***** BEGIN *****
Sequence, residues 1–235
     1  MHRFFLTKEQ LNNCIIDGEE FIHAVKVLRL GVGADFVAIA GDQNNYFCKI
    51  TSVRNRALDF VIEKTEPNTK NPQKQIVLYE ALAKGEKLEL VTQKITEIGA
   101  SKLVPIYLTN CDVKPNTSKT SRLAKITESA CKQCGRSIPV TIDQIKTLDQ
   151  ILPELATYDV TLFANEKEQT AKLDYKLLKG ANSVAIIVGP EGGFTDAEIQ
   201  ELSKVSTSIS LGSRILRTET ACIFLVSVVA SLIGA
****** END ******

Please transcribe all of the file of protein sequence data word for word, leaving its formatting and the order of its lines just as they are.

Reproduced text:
Sequence, residues 1–235
     1  MHRFFLTKEQ LNNCIIDGEE FIHAVKVLRL GVGADFVAIA GDQNNYFCKI
    51  TSVRNRALDF VIEKTEPNTK NPQKQIVLYE ALAKGEKLEL VTQKITEIGA
   101  SKLVPIYLTN CDVKPNTSKT SRLAKITESA CKQCGRSIPV TIDQIKTLDQ
   151  ILPELATYDV TLFANEKEQT AKLDYKLLKG ANSVAIIVGP EGGFTDAEIQ
   201  ELSKVSTSIS LGSRILRTET ACIFLVSVVA SLIGA